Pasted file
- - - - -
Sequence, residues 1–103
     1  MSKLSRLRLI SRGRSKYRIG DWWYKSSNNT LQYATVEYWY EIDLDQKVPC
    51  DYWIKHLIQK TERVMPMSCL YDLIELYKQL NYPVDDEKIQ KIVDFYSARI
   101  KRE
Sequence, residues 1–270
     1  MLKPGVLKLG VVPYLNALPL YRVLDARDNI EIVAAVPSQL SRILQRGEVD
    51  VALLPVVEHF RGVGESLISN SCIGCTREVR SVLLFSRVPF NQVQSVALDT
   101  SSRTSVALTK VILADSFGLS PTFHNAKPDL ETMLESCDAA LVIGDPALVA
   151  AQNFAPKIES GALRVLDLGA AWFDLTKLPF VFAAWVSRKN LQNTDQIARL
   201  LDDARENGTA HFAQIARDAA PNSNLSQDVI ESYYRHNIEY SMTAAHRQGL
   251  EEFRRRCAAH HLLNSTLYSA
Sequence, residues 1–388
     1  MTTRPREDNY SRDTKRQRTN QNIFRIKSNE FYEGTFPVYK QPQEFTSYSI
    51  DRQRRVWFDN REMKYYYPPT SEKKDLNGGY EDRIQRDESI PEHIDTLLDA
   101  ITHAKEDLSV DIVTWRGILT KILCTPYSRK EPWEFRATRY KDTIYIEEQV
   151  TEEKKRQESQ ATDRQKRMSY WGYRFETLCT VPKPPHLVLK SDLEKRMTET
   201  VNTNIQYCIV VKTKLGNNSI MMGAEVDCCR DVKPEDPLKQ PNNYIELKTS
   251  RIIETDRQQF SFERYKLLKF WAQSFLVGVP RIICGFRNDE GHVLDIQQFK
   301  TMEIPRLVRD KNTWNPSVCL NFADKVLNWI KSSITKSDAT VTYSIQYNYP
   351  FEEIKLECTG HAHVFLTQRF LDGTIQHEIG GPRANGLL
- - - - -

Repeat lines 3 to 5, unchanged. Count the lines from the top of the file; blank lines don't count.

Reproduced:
    51  DYWIKHLIQK TERVMPMSCL YDLIELYKQL NYPVDDEKIQ KIVDFYSARI
   101  KRE
Sequence, residues 1–270